Five years ago, another metal blog referred to As I Lay Dying’s Awakened as “the world’s first retro-metalcore album.” While that same not-to-be-named blog was also recently guilty of authoring one of the most idiotic self-serving shitposts I’ve ever read, in the case of Awakened they were actually right. With its melodic Gothenburg riffs, gang vocals, soaring clean choruses, and pummeling breakdowns, the record hearkened back to mid-00s metalcore at a time when the rest of the scene was too busy being balls deep in whatever Periphery was doing. Yet unlike other retro genres, retro-metalcore never really took off, much to the disappointment of guys like me who have fond memories of blasting Threat Signal while earning a minimum wage cleaning up golf balls and goose poop at the local driving range.
All things considered, Threat Signal were never that bad. The Canadian quintet’s 2006 debut Under Reprisal was exactly what my iPod Nano needed at the time, delivering an explosive take on metalcore that sounded something like a groovier and angrier Killswitch Engage. Lest you think it was just me, 2009 follow-up Vigilance was even good enough to earn a decent score from our Angry Overlord himself. Sadly the years since have yielded little more than endless line-up shifts and a mediocre self-titled album, making it hardly surprising that fourth full-length Disconnect seems to show Signal trying to recreate those glory days.
And boy are they trying. Upon pushing play on opener “Elimination Process,” I’m tempted to check my balls to make sure I still have pubes, because it feels like 2007 all over again. A jumpy Lamb of God riff, rapid chugs, and a slick clean chorus – you know the formula, and in the case of “Process” it’s actually a pretty fun start. As before singer Jon Howard delivers a strong showing on the vocal front, alternating between a thunderous growl, hoarse scream-singing, and cleans that recall Linkin Park’s late Chester Bennington. Guitarists Travis Montgomery and Matt Perrin are no slouches either, firing off some surprisingly adept solos along with everything else you’d expect from the genre – that is, chunky chords, bouncy melodeath riffs, synthy melodies beneath syrupy refrains, and downtuned chugs that I once heard a friend describe as “like bullfrogs fucking.”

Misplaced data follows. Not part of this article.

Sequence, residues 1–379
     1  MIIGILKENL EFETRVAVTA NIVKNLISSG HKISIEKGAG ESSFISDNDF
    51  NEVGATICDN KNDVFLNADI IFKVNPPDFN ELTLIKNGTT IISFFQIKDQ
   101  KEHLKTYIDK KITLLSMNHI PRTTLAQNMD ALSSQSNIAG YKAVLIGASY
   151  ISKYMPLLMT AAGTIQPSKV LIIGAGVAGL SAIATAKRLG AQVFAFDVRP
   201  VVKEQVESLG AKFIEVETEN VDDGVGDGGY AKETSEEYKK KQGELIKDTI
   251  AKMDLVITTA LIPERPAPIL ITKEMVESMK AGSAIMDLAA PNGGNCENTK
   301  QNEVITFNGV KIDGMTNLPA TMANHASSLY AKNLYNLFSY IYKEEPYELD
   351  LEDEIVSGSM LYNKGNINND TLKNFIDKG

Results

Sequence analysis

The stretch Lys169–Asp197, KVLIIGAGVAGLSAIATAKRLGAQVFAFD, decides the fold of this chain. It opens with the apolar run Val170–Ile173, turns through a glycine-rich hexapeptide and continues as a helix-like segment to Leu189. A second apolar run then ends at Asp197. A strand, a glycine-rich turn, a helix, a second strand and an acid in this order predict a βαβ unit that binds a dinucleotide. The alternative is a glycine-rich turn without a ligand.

Yet despite the stylistic throwbacks, the overall sound is actually surprisingly rock-y, recalling a mellower Soilwork or even latter-day All That Remains. Less than half of the vocals are actually growled, and many of these 10 tracks open with mellow clean picking before beating listeners over the head with their recycled alt-metal refrains. The obvious flaw here is that this style has been done to death and Threat Signal add nothing new to it, but that’s not the only issue. For all their chops the guitarists seem content to dwell in formulaic verse-chorus songwriting and riffs retrieved from metalcore’s cutting room floor, making tracks like “Nostalgia” and “Exit the Matrix” a total slog. The cliche nature also extends to the lyrics, with tracks like “Walking Alone” featuring such original gems as “I feel like we’re lost inside!” and “Be the change you want to see in the world!”
At 56 minutes Disconnect is too long, both overall and with regard to its individual songs. It’s also repetitive, and the clean modern production doesn’t do any favors. Yet for all my bitching, there are still some surprisingly enjoyable moments. Highlight “Aura” moves from tight melodic death riffs to a great vocal line in its chorus, even if its lyrics were given about as much thought as Austin Powers’ dental plan (“Right now… I feel like a rat inside a maze!”). With the exception of ill-conceived ballad “Betrayal” and the 10-minute songwriting mess which is closer “Terminal Madness,” Disconnect also gets better as it goes, with late standouts “To Thine Own Self Be True” and “Dimensions” featuring surprisingly catchy refrains and decent enough riffing.
And really, that summarizes Disconnect as a whole: “decent enough.” Nothing here is bad or offensive, but neither does anything color outside the lines that were drawn over a decade ago. Still, though it’s bloated, there are some catchy moments and skilled guitar-work, and fans of Parkway Drive’s last album or anyone looking to take a dive into the metalcore of days past is sure to enjoy a least a few cuts. Just try to ignore the fact that artwork looks like a bad Playstation One game.